Going all the way, fermenting everything... 😉

Can tomatoes be fermented in fermentation crock?

  • Hello, and welcome to Stack Exchange. What is your goal here? Are you wondering if the results would be appetizing, or just safe to consume? Nov 6 '16 at 11:59
  • Well, safety is always number one. So yes, would it be safe and how long if yes to ferment? And taste is also important. Is it worthwhile? Nov 6 '16 at 17:16
  • Also, since we talking fermentation here, I can not find the answer to "Is it safe to consume sourcraut if the water seal was broken". My crock is just sucking the water in and I have lost a seal a cople of times. Its been in for about 12 days now. Continue the process, or disregard and dump it? Nov 6 '16 at 17:23
  • Thank you in advance for your help. I m used to doing the cabage, pickles and tomatoes without a water seal, just in the pot and now trying the water seal and am concerned about food safety and what if procedures. Nov 6 '16 at 17:25
  • We're a Q&A site (see the tour) so if you have other questions (like the broken seal one), please just post them as new questions so we can get you answers.
    – Cascabel
    Nov 8 '16 at 0:13

Ripe Tomatoes

I've fermented ripe tomatoes, not on their own but in mixed vegetables. They get very soft. I used a mason jar, but I imagine a crock would have similar results.

Note that this was a brine style ferment (submerged in salt water), not a kraut-style ferment (mashed with salt and submerged in its own liquid).

Personally, I won't do it again—but then I prefer ferments that are on the crisp side, so maybe it's a matter of preference. I feel fermentation works best with hardier vegetables, though it's possible that some salsa and chutney recipes may involve fermenting red tomatoes.

Green Tomatoes

Green tomatoes, however, are a different story and ferment wonderfully. With garlic, dill, bay leaves, coriander, and black peppercorns, kosher green tomatoes are one of my favorite ferments.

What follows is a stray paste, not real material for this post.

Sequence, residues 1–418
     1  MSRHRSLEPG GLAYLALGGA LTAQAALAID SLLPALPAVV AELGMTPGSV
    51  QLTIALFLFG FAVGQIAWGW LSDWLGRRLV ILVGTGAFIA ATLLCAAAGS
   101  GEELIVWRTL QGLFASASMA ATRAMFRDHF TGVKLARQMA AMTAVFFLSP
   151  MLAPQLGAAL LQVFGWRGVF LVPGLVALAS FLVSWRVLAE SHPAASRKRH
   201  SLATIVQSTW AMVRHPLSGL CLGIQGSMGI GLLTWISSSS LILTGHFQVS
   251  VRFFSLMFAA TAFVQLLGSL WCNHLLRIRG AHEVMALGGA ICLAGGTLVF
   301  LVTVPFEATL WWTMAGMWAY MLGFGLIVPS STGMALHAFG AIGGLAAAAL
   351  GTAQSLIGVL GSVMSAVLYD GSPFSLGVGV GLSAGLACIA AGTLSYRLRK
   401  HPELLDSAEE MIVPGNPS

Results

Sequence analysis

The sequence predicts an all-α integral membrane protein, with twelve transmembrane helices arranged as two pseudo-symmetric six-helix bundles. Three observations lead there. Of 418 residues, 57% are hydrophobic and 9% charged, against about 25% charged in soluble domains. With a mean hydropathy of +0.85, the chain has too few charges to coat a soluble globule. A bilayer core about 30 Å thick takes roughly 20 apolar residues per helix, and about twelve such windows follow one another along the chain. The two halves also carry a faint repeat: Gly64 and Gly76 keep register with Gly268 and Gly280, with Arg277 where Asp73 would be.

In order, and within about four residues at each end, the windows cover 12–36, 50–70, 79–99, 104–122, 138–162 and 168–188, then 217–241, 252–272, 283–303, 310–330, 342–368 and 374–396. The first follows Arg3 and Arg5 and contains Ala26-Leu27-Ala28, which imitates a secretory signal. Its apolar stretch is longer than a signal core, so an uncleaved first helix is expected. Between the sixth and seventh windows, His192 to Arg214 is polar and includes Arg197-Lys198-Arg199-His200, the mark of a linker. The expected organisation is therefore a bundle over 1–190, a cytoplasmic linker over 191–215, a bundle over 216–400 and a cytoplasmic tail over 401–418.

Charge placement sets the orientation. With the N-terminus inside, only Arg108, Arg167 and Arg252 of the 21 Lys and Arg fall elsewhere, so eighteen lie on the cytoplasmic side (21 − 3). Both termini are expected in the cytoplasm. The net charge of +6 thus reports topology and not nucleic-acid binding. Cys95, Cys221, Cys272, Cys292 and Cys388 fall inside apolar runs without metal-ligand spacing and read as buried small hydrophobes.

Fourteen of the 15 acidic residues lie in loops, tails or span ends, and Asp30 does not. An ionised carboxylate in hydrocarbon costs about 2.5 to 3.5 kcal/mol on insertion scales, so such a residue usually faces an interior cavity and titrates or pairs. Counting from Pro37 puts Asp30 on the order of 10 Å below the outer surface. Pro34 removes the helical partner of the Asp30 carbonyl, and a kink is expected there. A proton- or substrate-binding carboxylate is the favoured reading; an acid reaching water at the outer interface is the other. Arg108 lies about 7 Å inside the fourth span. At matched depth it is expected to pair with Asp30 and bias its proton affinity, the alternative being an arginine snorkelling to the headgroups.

The only catch is that they can be hard to find, even at farmer's markets. But at this time of year (fall), I always have some left on our tomato vines, and I find fermenting is easier than fried green tomatoes. If you don't have tomato plants, maybe friends or neighbors do.

"Undecided" Tomatoes

This is completely anecdotal and includes some guesswork, but may still be helpful:

This fall I put up four jars of green tomatoes to ferment. Three had major problems with kahm (benign yeast). Even though I aggressively managed the kahm, removing it at least daily, those jars ended up with an off-putting taste and I ended up discarding them... tears in my eyes.

I used the same procedure for all four jars that I've used several times before, But in the three failed jars I included a few tomatoes that were half ripe. I suspect, but don't know for sure, that the extra sugar in the ripe tomatoes made the kahm more likely. So it's possible that ripe tomatoes, as a relatively high-sugar item, could risk more yeast issues.


I can only say that I've had no foodborne illness problems, and I'm aware of nothing that makes tomatoes more susceptible to these issues than other vegetables when properly fermented (enough salt, kept below the liquid, etc.).

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